Here's a new solution for the impatient gadget geek: graphene-enhanced batteries that can charge your cell phone and power tools in minutes, not hours.
The Pacific Northwest National Laboratory is working with a private firm to develop and commercialize lithium-ion battery electrodes using "Vor-x," a proprietary graphene material invented at Princeton University.
Adding small amounts of high-quality graphene to a Li-ion battery can improve its power and cycling stability without sacrificing high storage capacity, according to Vorbeck Materials, which produces the graphene. Typically, you have to choose between high capacity and quick charging ability.
Vorbeck last year became the first company to commercialize a graphene product, offering graphene-based conductive ink for use in printed electronics. The firm spun out of graphene research conducted in Princeton's Ceramic Materials Laboratory, run by Ilhan Askay, who co-invented Vor-x.
Li-ion batteries work by transferring lithium ions between a cathode and an anode using a liquid electrolyte. Improved cathodes can allow more ions to transfer, which can increase the battery's storage capabilities.
Graphene, made of carbon sheets one atom thick, is prized for its conductive properties and has potential for semiconductors or electronic displays. Now it could help power those electronics, too.
So why don't companies that have these wonderful idea's collaborate with the automotive industry... Jesus. That's something that you would think would be so obvious to do. What ever happened to using those virus built batteries? Are they practical yet? Also.. this kind of tech could go into everything, especially the new electric motorcycles. Just saying.
He who says it cannot be done, should not interrupt the one who is doing it.
The idea of battery operated cars is pure bologna. They aren't more green. Matter of fact I wonder if the large amount of power lost in transferring electricity to homes from power plants makes them even less efficient. Whether it be coal, fuel, nuclear or water powered plants there is still a loss of power as electricity is moved from source. It is likely not the golden egg people are led to believe. What I do know for sure is that these cars will never let me drive out of my city very far thus introducing yet another control factor on people... a willing fence. ... I would come visit but my vehicle take x hours to refill and only travels y miles per charge.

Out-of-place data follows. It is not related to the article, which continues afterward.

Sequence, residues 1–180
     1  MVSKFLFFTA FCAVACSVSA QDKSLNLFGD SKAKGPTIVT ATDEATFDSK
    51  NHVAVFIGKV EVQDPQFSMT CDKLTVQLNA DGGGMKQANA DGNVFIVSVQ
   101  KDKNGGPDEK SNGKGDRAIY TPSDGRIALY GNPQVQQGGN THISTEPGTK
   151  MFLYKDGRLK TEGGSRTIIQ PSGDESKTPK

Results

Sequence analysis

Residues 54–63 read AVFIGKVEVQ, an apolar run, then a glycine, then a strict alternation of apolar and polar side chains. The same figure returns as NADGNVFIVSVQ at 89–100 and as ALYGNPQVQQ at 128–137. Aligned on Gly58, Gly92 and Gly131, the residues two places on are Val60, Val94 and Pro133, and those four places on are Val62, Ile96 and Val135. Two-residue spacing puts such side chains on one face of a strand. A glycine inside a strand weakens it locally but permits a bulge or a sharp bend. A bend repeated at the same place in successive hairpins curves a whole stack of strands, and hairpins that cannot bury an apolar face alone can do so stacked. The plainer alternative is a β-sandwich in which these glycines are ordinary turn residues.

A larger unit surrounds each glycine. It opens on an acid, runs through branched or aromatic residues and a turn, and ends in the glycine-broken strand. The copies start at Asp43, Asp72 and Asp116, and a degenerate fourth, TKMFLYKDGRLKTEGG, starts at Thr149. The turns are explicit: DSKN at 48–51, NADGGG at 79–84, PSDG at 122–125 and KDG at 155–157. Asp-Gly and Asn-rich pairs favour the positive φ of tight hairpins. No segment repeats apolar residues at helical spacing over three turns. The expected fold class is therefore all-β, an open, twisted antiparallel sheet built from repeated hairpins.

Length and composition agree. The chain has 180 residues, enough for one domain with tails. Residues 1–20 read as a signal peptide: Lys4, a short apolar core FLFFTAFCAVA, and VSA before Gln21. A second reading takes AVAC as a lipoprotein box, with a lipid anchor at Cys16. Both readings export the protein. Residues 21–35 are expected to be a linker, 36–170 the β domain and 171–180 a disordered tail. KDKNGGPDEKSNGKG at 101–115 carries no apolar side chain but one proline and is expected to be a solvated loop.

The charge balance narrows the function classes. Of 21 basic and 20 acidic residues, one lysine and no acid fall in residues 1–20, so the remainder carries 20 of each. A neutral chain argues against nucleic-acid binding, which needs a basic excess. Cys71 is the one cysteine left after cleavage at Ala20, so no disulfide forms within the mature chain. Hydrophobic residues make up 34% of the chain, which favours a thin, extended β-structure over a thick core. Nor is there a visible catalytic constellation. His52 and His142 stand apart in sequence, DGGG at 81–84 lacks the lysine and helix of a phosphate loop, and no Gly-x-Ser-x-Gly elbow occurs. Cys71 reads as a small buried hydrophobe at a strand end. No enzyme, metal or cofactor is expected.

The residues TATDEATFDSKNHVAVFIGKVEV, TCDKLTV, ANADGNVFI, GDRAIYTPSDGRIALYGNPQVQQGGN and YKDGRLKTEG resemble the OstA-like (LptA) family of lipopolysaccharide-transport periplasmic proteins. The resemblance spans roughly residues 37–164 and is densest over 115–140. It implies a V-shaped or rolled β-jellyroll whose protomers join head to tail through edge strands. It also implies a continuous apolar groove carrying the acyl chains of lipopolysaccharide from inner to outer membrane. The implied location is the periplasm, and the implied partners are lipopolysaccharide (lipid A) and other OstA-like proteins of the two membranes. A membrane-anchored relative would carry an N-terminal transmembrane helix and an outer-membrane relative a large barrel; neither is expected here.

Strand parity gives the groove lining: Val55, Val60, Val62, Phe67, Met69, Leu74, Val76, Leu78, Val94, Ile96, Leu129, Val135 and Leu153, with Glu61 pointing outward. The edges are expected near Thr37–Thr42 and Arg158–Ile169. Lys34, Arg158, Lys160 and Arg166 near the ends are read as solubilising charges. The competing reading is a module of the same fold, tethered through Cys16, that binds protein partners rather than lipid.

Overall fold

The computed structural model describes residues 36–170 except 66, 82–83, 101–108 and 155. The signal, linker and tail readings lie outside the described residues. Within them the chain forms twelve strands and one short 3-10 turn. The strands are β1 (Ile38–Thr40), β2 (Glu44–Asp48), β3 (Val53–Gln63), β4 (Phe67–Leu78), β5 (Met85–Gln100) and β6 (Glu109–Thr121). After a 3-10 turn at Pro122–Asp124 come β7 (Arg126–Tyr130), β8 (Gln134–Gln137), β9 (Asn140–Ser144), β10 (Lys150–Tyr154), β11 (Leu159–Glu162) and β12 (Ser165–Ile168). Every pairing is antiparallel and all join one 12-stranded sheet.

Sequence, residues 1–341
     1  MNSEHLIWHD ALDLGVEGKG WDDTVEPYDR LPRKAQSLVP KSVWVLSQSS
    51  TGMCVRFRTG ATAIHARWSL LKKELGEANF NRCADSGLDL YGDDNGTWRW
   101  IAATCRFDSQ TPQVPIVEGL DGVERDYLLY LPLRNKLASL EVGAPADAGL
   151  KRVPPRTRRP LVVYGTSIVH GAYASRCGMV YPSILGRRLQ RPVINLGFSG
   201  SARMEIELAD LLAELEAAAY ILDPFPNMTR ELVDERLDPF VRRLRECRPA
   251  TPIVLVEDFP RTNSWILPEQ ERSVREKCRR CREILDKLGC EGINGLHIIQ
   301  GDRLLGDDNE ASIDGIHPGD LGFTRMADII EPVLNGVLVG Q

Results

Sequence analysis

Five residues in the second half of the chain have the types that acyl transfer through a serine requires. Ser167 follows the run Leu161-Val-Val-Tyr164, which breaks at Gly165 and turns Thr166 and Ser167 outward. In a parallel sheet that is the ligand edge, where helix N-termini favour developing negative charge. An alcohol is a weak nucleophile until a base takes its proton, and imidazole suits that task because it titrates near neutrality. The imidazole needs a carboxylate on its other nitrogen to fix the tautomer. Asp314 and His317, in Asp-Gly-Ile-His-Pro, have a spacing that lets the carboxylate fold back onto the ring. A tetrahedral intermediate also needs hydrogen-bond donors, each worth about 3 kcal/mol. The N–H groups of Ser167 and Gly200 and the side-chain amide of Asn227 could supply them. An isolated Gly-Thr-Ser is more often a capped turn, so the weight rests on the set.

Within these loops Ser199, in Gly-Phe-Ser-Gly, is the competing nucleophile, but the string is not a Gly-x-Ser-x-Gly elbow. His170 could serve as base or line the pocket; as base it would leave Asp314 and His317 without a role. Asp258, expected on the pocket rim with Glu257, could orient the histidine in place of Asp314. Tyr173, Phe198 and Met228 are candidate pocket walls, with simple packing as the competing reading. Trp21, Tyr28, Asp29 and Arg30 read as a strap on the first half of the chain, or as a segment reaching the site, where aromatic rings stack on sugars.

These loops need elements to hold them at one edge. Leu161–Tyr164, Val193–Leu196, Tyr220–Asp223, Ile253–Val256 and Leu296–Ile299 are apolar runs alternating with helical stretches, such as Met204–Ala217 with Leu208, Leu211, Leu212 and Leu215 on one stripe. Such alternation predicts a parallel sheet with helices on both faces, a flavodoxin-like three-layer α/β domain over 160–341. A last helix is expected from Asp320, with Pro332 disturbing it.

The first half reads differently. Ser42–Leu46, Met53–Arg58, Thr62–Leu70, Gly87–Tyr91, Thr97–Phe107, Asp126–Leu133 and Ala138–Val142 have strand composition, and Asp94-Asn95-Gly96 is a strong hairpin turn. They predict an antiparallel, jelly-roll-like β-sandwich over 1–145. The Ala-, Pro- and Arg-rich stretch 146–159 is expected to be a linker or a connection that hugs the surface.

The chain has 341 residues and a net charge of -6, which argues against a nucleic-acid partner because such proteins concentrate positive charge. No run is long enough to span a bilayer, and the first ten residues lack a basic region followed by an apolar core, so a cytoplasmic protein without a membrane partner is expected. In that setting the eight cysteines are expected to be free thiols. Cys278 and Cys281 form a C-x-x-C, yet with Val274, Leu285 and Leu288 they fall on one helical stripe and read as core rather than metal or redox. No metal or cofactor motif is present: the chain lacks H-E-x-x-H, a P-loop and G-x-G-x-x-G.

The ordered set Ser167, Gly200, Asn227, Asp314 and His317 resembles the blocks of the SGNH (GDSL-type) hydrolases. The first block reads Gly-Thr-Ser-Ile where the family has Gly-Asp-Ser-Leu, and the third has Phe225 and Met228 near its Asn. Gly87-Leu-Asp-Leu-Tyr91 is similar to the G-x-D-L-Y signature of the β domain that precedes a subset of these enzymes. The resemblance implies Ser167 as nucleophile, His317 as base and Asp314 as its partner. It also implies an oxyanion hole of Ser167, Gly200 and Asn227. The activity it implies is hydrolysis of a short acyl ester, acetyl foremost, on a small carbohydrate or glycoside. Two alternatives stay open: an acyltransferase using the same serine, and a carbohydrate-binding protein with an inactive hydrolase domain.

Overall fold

O yeah on topic now. This sounds like great news. My question on this newish battery is will it require a greater amount of power to get the same charge as a slower charging battery?
There a are actually a couple of companies out there working with this kind of tech. In January, Ecolocap ( a small international nanotech company) released a prototype of a lithium-based battery with carbon nanotubes (basically a rolled-up version of Graphene) attached to the anode and cathode. The report is at http://www.ecolocap.com/site/templates/ecolocap2008.1/user/stories/exponent%20test%20summary.pdf . The gist is, it looks like they will be ready for market possibly within the year. There are at least two other companies with similar methodologies that will likely come to bear within the next two years. This tech is almost definitely a game-changer in many fields... Electric vehicle included... not to mention home energy storage for things like solar and fuel cells, and personal electronics. We have become darned reliant on electricity, and it looks like we are finally making serious strides to make it mobile...